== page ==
A Sense of Place
By William Gildea
When the lights went out on those old urban places, with seats hard as rock and fire escapes clinging to outside walls like latticework, we lost the uplifting feeling they set off in us, that surge of well-being that a mere building can rarely generate. We knew we were in a special place, where the dramatic, the tearful, the funny and the unexpected had happened before and was sure to happen again. Those places meant something to us, which made us love them.
Is it possible to love the MCI Center? Consider the impediments. New arenas, because of sports' irreversible new economics, must cater aggressively to the corporation; if individual fans weren't treated as afterthoughts, their seats in the top rows of top decks at least would come equipped with spyglasses. Further: Does anything architectural risk producing malaise any more than the words big new Washington building? This is a city with more than its share of cold and unfeeling structures. Now consider what the center has going for it. When you step inside, you might feel your breath escaping. Not because amenities abound, from plush seats to scoreboards designed to leave few facts untold, but because of this: You immediately know, and you're grateful the planners knew, that the most important thing in the building is the principal entertainment. The game's the thing.
In olden days, owners found a big building and slapped down, say, a basketball court. The MCI Center starts with the court. It's built from its heart. Vantage points abound. Unlike US Airways Arena, the MCI Center's seats wrap around the center of the action. Rows rise gently upward instead of sweeping back and away toward nowhere. The truest test is the top row of the top level. It's high in the MCI Center; this is an almost 20,000-seat arena for basketball. But up there you still will be much closer to the games than you were before. Before, you felt almost back on the Beltway. On a home-size scale, we now have a light-filled luxury town house compared with a gloomy, cookie-cutter sprawling suburban rambler.
But is cool efficiency and convenient location all we can expect from the MCI Center? Sports fans have come to want more from new stadiums and arenas. They want a sense that even if things are shiny, the place looks like and feels like history could be made there, that it's a place to which the game's ghosts could be summoned. They prefer a building with individuality, an identity. Some question whether the spotty history of sports franchises in Washington augurs well for the new arena. But it can be argued that the evidence should make us optimistic. Two Senators baseball teams were stolen from the city by owners seeking fast money, owners who were unwilling to invest to build solid franchises here. Senators fans stayed away from Griffith Stadium and what is now RFK not because of the stadiums' locations or inadequacies. The green, high-walled Griffith almost could have fit John Updike's description of Boston's Fenway as "a lyric little bandbox of a ball park," and RFK was the trendsetter of its time, the first of the multipurpose stadiums. Instead, fans shunned the Senators because of the penny-pinching owners' lousy product.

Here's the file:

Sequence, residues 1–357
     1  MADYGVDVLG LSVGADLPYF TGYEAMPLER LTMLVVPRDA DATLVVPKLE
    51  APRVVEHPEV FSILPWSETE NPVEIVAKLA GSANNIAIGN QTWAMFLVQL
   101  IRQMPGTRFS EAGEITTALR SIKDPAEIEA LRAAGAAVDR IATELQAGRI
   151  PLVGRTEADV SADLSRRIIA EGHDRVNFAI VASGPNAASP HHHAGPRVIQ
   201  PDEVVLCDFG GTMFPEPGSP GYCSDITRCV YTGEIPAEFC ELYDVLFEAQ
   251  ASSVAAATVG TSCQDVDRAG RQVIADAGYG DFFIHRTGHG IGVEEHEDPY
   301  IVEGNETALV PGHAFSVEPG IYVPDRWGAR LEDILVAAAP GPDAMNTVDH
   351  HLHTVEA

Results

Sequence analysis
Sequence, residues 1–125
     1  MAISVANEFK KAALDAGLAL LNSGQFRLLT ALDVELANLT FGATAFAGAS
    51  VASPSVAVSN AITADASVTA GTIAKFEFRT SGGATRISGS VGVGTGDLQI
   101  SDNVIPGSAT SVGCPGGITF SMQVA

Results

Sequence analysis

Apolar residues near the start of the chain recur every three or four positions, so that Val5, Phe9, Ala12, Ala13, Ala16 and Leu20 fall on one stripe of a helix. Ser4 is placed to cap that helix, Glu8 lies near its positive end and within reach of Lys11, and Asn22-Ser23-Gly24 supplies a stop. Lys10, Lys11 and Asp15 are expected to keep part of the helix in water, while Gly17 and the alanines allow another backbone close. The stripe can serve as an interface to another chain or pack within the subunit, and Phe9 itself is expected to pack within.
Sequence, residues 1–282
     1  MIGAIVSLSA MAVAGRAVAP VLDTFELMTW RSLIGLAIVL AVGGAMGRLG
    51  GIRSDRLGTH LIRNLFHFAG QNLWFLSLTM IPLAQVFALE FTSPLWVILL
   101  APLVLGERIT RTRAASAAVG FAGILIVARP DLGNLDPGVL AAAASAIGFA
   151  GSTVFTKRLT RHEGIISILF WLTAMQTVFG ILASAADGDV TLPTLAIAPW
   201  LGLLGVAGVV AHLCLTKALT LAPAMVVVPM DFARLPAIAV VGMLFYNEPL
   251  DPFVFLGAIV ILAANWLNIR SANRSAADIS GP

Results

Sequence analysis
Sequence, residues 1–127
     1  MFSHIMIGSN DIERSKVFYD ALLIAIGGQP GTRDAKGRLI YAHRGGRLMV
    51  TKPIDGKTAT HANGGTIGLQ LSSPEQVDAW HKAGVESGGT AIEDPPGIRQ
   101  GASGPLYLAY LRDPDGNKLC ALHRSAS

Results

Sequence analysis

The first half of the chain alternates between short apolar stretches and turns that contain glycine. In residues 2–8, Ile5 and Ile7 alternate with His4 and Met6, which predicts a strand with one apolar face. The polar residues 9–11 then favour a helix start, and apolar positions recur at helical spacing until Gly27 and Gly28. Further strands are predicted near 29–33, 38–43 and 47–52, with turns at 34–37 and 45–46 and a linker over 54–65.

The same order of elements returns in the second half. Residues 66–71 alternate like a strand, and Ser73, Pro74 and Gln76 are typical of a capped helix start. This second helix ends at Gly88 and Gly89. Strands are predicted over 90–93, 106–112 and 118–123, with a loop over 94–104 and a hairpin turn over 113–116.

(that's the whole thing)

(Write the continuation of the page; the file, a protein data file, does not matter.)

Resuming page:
The Redskins thrived at both stadiums because, even when the teams weren't winning, they had numerous stars: Sammy Baugh, Bobby Mitchell, Sonny Jurgensen, Charley Taylor. Redskins fans did not clamor to abandon what became a homey RFK, where they literally could make the stands shake; they were driven reluctantly to the suburbs because Jack Kent Cooke needed luxury seating that would generate revenue to offset players' otherworldly incomes. Still, Cooke's move to the very area the Wizards and Capitals are abandoning reinforces the question: Which direction points to the future?
The record elsewhere suggests the answer is in, to the city. Baltimore is about to have a new football stadium next to downtown Oriole Park. Boston built its new arena downtown. So did Chicago, Montreal and Cleveland. When New York talks of a new Yankee Stadium, the preferred sites are the Bronx and Manhattan, not the New Jersey Meadowlands.
Both the Wizards and the Capitals should energize downtown because they're competitive teams. Both belong to leagues that market smartly -- the Wizards promise to be a hot ticket if they're winners. True, neither franchise boasts an extraordinary history. The Wizards, when they were the Bullets, won the NBA title in 1978. The Capitals' past can be summed up in two words: Rod Langway. But Abe Pollin, owner of the teams and the arena, recently has spent big money to retain top players on both teams, a sign of commitment as he heads downtown.
And, of course, he has spent more than a few idle dollars on his new downtown building as well. Will his building gain meaning, though? Will it become distinct? Tuesday's first game, and that game's first crowd, will tell more. But in advance of that, to step inside the place is to at least imagine the possibilities that this can be so.
For one thing: You can see out of it. It has windows; glass has been used liberally throughout the arena. Sunlight beams in on the concourses. From there you can look out on Washington. On the south side is a glorious view of the Capitol dome. Glance down G Street and see in the distance the flag atop the White House. Huge windows and a balcony face the National Museum of American Art across Seventh Street. You know exactly where you are. The new arena is distinctly Washington. It would be a shame if sports memories in abundance weren't made there by two franchises that, to this point, have generated so few. Whether or not that happens, the MCI Center at least starts out with a sense of identity.
William Gildea is a Post Sports reporter.
© Copyright 1997 The Washington Post Company